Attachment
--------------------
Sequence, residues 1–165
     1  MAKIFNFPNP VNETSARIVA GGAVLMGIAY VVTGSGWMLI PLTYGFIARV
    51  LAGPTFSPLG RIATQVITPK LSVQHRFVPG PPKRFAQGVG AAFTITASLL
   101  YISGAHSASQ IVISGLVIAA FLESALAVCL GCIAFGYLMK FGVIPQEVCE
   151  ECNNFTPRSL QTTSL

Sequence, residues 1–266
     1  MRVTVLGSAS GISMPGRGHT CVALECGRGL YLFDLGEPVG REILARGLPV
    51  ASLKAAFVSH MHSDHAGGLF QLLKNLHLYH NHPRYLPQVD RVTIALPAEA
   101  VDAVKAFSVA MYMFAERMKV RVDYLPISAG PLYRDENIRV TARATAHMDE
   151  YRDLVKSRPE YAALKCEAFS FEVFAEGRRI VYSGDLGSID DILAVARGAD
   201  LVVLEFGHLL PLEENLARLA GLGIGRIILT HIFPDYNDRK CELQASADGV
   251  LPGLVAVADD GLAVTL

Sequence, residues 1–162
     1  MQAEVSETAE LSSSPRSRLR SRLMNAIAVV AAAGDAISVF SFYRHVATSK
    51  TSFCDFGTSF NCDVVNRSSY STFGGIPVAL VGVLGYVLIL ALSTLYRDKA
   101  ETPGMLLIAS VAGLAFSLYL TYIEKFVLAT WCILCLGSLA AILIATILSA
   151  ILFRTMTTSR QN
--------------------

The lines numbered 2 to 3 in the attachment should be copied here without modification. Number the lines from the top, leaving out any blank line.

     1  MAKIFNFPNP VNETSARIVA GGAVLMGIAY VVTGSGWMLI PLTYGFIARV
    51  LAGPTFSPLG RIATQVITPK LSVQHRFVPG PPKRFAQGVG AAFTITASLL